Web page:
Unusually low oxyhemoglobin saturation on polysomnography

Meghna P. Mansukhani, Bhanu Prakash Kolla, Steven I. Altchuler

Research output: Contribution to journalArticlepeer-review


A 22-year-old male college student with prior diagnoses of mild obstructive sleep apnea, delayed sleep-wake phase disorder, and inadequate sleep hygiene presented to the sleep clinic for an evaluation of ongoing daytime hypersomnolence despite the use of mixed dextroamphetamine/amphetamine salts extended-release preparation (Adderall XR) 20 mg two times a day prescribed by his primary care provider for sleepiness. He reported going to bed at 10:00 pm, falling asleep quickly, sleeping throughout the night until 8:00 am, and not napping during the daytime but feeling extremely sleepy with an Epworth Sleepiness Scale score of 20/24. He described waking with a dry mouth but did not endorse snoring, snort arousals, or headaches upon awakening. There was no history suggestive of leg movements at night, cataplexy, hypnagogic/hypnopompic hallucinations or sleep paralysis. On examination, the patient had a patent oropharynx (Friedman grade I), neck circumference of 45 cm, body mass index of 36.63 kg/m 2 , and normal blood pressure. Download from his continuous positive airway pressure (CPAP) device set at 11 cm H2O pressure showed consistent usage for the entire reported sleep duration, minimal air leak, and a low residual apnea-hypopnea index. To evaluate his hypersomnolence further, the patient was tapered off his stimulant medication and two-week actigraphy followed by overnight polysomnography and Multiple Sleep Latency Testing (MSLT) was ordered.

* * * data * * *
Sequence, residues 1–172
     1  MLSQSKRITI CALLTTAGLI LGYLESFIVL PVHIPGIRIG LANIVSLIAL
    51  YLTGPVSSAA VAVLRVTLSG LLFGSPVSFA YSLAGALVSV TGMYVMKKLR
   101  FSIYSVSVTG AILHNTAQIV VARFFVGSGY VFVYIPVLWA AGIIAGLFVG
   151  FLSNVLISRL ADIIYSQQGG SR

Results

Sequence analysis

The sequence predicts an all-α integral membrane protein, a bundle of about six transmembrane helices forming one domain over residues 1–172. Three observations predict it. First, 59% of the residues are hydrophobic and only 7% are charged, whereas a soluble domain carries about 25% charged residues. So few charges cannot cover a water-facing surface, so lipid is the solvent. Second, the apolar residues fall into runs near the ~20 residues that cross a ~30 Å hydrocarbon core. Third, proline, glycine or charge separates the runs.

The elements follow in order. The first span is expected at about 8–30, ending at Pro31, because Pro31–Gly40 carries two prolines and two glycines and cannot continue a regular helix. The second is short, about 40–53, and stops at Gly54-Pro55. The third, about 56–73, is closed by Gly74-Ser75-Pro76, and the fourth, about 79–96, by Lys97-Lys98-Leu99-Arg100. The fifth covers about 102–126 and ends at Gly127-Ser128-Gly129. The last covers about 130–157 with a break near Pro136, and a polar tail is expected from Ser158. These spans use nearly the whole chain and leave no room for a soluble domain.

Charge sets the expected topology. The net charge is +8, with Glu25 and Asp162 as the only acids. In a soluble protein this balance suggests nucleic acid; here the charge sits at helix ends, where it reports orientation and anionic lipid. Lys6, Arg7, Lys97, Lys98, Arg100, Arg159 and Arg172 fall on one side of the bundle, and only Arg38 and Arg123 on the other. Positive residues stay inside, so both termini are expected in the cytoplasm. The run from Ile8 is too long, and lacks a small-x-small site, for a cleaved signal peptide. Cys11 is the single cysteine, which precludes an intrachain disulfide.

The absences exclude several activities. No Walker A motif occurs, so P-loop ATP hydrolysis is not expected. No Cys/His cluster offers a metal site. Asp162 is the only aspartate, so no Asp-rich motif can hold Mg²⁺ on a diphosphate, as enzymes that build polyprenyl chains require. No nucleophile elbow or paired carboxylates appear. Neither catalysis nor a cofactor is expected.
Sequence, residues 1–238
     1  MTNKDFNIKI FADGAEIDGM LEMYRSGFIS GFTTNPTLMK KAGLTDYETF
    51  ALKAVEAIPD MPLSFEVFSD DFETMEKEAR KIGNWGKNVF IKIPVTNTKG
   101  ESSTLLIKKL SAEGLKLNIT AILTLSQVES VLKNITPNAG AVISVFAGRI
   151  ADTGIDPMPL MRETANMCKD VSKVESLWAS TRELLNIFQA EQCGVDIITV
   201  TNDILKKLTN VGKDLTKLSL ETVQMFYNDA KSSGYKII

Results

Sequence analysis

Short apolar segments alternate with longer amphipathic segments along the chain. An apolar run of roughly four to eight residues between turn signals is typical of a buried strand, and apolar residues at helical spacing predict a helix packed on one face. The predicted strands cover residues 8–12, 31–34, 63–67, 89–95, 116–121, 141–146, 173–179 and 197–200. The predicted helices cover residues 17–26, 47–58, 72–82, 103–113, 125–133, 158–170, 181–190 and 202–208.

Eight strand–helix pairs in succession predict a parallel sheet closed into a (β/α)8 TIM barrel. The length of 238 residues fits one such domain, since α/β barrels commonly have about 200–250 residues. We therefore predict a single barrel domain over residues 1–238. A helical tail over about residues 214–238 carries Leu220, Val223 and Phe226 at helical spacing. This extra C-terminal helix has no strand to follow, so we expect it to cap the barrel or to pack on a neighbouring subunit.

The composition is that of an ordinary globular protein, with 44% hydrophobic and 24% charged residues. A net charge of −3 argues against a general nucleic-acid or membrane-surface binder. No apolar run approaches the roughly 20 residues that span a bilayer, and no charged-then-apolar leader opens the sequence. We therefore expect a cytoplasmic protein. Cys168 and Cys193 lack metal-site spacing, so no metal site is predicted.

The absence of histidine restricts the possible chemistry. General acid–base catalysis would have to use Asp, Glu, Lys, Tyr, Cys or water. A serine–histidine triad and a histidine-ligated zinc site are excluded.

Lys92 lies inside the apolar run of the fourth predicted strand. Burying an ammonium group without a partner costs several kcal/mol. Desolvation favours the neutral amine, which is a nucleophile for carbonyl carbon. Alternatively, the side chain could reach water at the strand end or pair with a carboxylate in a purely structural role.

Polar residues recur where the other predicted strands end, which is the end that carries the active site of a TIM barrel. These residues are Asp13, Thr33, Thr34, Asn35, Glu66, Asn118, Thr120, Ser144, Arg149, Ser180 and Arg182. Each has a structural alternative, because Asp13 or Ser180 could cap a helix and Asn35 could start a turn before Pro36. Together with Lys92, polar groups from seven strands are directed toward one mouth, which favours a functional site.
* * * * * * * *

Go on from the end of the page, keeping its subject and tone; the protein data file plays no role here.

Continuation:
Original languageEnglish (US)
Pages (from-to)629-631
Number of pages3
JournalJournal of Clinical Sleep Medicine
Issue number4
StatePublished - 2017

ASJC Scopus subject areas

  • Pulmonary and Respiratory Medicine
  • Neurology
  • Clinical Neurology


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